Each week, we bring you the backstory of work featured in our collection, written by a member of our curatorial team.

 

"Summer with you", Nacho Frades

by Sara RobertsonSenior Curator

Nacho Frades is an artist who lives and works in Jerez de la Frontera, Cadiz, Spain. We are excited to introduce his digital paintings to the platform, and have been so intrigued by his fantastical work that we had to know a bit more about the artist and his unique style. Below is an exclusive Meural interview, lightly edited for structure.

What drew you to the medium of digital painting? When did you realize this was the style you wanted to work in primarily?

Well, I started to paint using a computer in 1987. My father's company bought some Amstrad PC 1512s, and I got a pirated disk of games (I was looking for the ‘Prince of Persia’). The disk came with the painting software "Deluxe Paint II". I saw "paint" and opened it immediately. I was fascinated...to paint in a computer! I forgot the ‘Prince of Persia’ and began to work with only 16 colors and a primitive mouse.

I enjoy digital painting because it's like my daily cup of coffee. I think also that in this time, all will end in digital format: paintings, books, encyclopedias. Why then not work in digital directly? I painted for many years in oils. My formation as a painter was while using oil paints, and I love them—their smell, texture and the finish. I love the two mediums.

"Beach Changing Rooms", Nacho Frades

Why do you like to show your work online as opposed to fairs and/or galleries?

I prefer to show my work online because we are in 2017. Is there sense in showing your work to 100 people instead of millions? The brick and mortar galleries are something of the past, and they are not very "artist friendly", in the sense they want to profit from the artist rather than working thoughtfully with them. Also I have had bad experiences with galleries, very bad experiences. I was in Affordable Art London when I was younger, and I sold some works, but since then my main goal has been to reach my audience through the internet.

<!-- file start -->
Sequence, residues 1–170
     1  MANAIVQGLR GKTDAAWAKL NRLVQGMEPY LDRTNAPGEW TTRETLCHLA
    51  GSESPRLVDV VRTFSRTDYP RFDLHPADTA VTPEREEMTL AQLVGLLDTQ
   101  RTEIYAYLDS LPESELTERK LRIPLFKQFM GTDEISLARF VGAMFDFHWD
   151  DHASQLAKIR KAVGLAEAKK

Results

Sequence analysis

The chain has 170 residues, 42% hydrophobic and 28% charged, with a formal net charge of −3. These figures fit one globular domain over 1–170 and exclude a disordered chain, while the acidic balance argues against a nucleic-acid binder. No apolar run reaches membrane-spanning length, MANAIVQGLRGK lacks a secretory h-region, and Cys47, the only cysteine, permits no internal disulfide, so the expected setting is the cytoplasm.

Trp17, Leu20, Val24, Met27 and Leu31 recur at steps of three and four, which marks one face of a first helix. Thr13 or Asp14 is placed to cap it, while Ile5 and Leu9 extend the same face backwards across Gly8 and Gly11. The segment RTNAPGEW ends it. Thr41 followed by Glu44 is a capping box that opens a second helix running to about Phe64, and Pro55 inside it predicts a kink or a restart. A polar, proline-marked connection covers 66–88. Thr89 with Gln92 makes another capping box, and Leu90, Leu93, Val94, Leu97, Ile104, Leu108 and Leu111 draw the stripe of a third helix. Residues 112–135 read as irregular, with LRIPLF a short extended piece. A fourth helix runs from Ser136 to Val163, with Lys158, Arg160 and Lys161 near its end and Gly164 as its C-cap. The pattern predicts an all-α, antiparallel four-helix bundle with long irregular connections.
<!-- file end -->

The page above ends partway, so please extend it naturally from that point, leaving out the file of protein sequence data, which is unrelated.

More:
Your digital paintings of landscapes have a surreal, fantastical feel to them. Where do you look for inspiration?

This is quite complicated since I have studied tons of art—the quantity necessary to be free of masters and influences. I find inspiration perhaps in a particular color I see, in the structure of a street I see. Mainly the images come to my mind as something completed, and I paint my memories. The inspiration is in the process: one color tells me, "I need a green there!", "I need something light here!" and so on. Inspiration also comes from the previous hard work I have done. A lot of hours, days and years of painting is my inspiration. I suppose I have to mention some painters as well. I choose Hopper and Hockney, but in all honesty, I am my favorite painter when I look for inspiration.

"Rose", Nacho Frades

You do work on films as well. How does that work influence your painting?

I have worked in many films, shorts and diverse genres as a member of the film art department. This has been especially useful for speed. In that environment you not only have to be good, you also you have to be fast—very fast. Working with speed while maintaining high technical and aesthetic standards is really what I have learned in this profession. And it completely changes your perspective on animation films—when I see an animated film now, I see it from the artist’s perspective and I start to sweat for the enormous amount of work that goes into each shot!

Can you talk a little bit about why you characterize your paintings in color?

Color is my entire life. The last time I cried was seeing a video of a child seeing color for the first time with a neurological device. Life is in color: the blue days, the red in a cloth, the yellow sun of the south of Spain...all is color. In the structure of a work there are shades of grey, but the soul is in its color. It's the most wonderful physical propriety in the Universe.

From our collection on my.meural.com is there a particular artist that is your favorite? If so, why?

My favorite is Sandro Botticelli, because he is the first metaphysical painter in history.